Patient shuns COVID-19 vaccine, then changes mind after hospitalization

UC Davis Medical Center care team helps 42-year-old man navigate post-COVID complications


Saul Torres considers himself lucky to be alive after contracting COVID-19 and suffering from a rare neurological condition. 

From his hospital bed on the 14th floor of UC Davis Medical Center, Torres, a father of two small children, said he lamented not getting the COVID-19 vaccine. His doctors believe it could have prevented Torres’ hospitalization for Guillain-Barré syndrome, an autoimmune disorder triggered by serious viral and bacterial infections. 

Resident Yesenia Ramos examines the numbness in Saul Torres’ fingers, a symptom of Guillain-Barré syndrome, a complication after COVID-19.

Torres was diagnosed with COVID-19 on July 9. He recovered at home and went back to work – until the dizzy spells, weakness and numbness in his toes were unbearable. He then spent 10 days in the hospital where his providers successfully stopped Guillain-Barré from its worse-case-scenario course, paralysis. 

“I didn’t take the vaccine seriously and this hasn’t been easy,” he said. 

By the time he was discharged last weekend, Torres had lost more than 40 pounds since his saga began. He will use a walker until he regains strength in his legs. 

Torres, 42, is one of an alarming number of patients who are being admitted to hospitals around Sacramento and the nation this summer with COVID-19 or its complications. 

Many have been ill from the very infectious Delta variant. Nearly all of these patients during this fourth surge of the pandemic are unvaccinated for COVID-19. 

“We had talked about the vaccine with my family, but there was often a lack of information, and we didn’t believe in it. We said we were never going to get sick,” said Torres, an immigrant from Mexico City who speaks mostly Spanish. 

“Thank God I didn’t die,” Torres said in a bedside interview two days before being discharged. “But a lot of people aren’t this lucky.” 

Only 30% of Latinos in Sacramento County are fully vaccinated

Torres’ decision to avoid getting the shot is not uncommon in Sacramento County, where just 52% of the population is fully vaccinated, a statistic that lags below the state average of 54%, according to the Los Angeles Times tracker

The vaccination rate in Sacramento County is bleaker among some ethnic and racial minority groups. The breakdown of those who have been fully vaccinated is:

  • 30% of Latinos
  • 35% of Blacks
  • 42% of American Indian or Alaska Natives
  • 45% of Whites
  • 68% of Asian or Pacific Islanders. 

These statistics are disheartening to medical experts. 

“A lot of people think that if they get COVID, they’re only getting a cough, or a fever, and everything will be fine. But right now in the hospital we’re seeing a lot of young people with symptoms that aren’t necessarily respiratory,” said internal medicine resident Yesenia Ramos, one of Torres’ physicians.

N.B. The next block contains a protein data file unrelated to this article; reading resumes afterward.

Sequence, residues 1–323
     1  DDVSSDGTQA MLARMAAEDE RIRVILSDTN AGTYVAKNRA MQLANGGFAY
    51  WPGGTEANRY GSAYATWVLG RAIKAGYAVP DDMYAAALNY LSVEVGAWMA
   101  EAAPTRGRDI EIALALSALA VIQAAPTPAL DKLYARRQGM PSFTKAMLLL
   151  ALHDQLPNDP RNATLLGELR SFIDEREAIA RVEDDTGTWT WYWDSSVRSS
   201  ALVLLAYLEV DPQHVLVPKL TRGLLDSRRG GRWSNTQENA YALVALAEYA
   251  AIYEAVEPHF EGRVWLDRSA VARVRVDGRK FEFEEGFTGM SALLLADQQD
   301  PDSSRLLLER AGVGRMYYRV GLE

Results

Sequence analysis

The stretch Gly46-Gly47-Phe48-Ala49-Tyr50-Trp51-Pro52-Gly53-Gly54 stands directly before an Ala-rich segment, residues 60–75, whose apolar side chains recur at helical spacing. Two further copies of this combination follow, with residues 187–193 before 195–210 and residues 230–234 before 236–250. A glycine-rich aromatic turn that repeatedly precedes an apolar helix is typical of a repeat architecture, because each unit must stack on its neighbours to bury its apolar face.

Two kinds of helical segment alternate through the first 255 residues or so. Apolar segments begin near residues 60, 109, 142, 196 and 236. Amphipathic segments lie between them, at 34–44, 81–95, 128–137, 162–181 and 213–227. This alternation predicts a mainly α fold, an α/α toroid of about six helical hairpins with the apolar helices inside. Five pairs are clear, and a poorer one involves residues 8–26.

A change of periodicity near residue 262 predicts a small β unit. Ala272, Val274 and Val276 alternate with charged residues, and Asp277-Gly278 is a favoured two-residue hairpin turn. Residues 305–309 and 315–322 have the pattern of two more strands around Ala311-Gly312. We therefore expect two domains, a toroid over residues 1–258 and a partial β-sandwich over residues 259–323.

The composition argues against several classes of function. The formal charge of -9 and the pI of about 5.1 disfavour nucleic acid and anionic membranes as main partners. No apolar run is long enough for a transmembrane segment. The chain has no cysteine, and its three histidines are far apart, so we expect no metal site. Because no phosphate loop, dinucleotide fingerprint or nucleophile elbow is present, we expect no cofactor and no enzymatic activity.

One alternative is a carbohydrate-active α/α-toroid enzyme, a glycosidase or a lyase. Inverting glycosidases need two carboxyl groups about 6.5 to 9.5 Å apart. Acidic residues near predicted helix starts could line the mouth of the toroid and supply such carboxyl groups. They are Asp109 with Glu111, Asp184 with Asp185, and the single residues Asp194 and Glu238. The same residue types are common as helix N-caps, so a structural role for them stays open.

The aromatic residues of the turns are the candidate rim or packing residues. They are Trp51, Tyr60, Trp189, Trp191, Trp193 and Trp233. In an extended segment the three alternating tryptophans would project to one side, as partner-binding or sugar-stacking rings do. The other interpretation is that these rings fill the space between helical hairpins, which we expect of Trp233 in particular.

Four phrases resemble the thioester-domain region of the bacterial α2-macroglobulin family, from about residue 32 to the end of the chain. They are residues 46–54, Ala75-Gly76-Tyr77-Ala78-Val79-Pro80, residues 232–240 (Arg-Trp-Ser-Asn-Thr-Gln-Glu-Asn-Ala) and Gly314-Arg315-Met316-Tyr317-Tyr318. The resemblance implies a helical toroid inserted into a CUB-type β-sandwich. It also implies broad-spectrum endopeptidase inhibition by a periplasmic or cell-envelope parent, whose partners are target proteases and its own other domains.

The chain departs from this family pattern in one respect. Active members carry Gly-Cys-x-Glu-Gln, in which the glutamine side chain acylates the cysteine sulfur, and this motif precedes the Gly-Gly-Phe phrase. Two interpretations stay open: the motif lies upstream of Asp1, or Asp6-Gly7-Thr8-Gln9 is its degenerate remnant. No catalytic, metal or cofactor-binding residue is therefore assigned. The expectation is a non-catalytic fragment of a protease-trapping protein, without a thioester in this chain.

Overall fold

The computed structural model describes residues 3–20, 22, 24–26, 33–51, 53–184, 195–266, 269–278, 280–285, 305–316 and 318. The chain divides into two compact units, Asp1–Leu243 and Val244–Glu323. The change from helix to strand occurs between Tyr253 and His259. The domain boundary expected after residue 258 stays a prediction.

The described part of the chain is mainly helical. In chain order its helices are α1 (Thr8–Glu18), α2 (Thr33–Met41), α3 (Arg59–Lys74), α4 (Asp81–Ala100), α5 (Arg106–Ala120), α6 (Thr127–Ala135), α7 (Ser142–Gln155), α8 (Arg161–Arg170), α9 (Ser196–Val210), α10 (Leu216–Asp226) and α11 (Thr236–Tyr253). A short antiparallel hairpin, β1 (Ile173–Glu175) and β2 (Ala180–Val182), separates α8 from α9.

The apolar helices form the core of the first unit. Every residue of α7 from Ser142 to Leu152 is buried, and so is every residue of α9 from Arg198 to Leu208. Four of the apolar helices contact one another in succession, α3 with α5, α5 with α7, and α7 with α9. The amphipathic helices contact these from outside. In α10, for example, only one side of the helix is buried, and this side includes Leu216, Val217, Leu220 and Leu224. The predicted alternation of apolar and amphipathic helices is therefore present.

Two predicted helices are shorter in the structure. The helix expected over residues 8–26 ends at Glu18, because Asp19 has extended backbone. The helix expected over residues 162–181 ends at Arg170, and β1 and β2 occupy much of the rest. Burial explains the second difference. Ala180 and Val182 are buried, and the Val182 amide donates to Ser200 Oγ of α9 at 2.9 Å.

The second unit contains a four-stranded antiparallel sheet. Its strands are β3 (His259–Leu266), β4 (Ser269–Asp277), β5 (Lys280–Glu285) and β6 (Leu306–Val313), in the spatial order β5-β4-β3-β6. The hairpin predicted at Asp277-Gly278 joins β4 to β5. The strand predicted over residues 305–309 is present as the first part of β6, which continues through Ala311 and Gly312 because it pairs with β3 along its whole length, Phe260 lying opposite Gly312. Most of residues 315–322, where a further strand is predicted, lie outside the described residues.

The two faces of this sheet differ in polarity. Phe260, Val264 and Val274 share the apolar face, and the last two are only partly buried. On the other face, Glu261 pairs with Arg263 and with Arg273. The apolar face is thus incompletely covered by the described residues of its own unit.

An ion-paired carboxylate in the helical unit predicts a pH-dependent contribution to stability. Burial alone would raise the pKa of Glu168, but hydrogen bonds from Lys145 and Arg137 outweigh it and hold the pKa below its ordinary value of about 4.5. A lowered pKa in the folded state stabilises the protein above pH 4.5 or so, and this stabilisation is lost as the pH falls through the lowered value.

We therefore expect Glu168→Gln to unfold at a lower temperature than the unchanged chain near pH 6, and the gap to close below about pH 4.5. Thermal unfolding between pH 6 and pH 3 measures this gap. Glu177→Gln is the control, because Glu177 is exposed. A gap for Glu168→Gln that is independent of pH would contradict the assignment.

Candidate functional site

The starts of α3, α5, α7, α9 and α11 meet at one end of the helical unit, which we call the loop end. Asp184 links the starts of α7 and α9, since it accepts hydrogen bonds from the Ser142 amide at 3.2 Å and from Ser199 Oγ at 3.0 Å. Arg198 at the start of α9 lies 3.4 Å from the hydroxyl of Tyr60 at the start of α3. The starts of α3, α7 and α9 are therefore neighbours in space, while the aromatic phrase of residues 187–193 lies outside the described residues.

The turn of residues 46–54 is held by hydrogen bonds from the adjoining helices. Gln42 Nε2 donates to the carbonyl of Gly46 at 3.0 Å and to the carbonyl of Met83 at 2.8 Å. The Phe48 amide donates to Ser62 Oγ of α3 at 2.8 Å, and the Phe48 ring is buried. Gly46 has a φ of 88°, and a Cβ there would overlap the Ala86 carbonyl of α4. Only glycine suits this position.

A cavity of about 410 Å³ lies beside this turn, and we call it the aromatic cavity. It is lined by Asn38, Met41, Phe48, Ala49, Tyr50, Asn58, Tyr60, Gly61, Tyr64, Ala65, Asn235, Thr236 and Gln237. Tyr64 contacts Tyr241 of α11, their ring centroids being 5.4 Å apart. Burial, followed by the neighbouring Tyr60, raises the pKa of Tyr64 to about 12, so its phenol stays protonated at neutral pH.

“Thank God I didn’t die. But a lot of people aren’t this lucky.”

— Saul Torres

“These symptoms are affecting their immunological system, their nervous system, even their heart. And it’s not necessarily immediate – this could be weeks or months later,” she said. 

“Unfortunately, when patients with COVID complications are admitted to the hospital is when they tell us they regret not having gotten vaccinated,” Ramos added. 

After COVID, Torres lost sensation in his fingers and toes

Torres, who has diabetes, acknowledges he hadn’t taken proper precautions during the pandemic. 

He only wore a face mask when it was required, such as grocery shopping. He traced his COVID infection to early July. That’s when he had cold-like symptoms and body aches. Then he had difficulty breathing. He was diagnosed at a South Sacramento hospital and sent home with antibiotics. 

His family had similar symptoms. 

Eventually, he returned to work but felt unsafe on ladders after losing sensation in his fingers and toes. “You could break one of my toes and I wouldn’t feel it,” he said. 

That’s when he decided to come to UC Davis Medical Center. After his initial observation, Torres was given a five-day course of immunoglobulin, an intravenous medication for Guillain-Barré, a disease that causes nerve damage, sometimes permanently. 

Torres has a clear message to people who don’t take the pandemic seriously. 

“Seek out information and get vaccinated – don’t wait until the point where I got,” he said. 

Torres is determined to get the word out, and he eagerly told his story on local television while still in the hospital. 

In a few weeks, when his body is ready for the vaccine, Torres said, he’ll sign up to get his first shot. And he hopes more friends and family members will, too. 

Learn how to schedule your COVID-19 vaccination at UC Davis Health.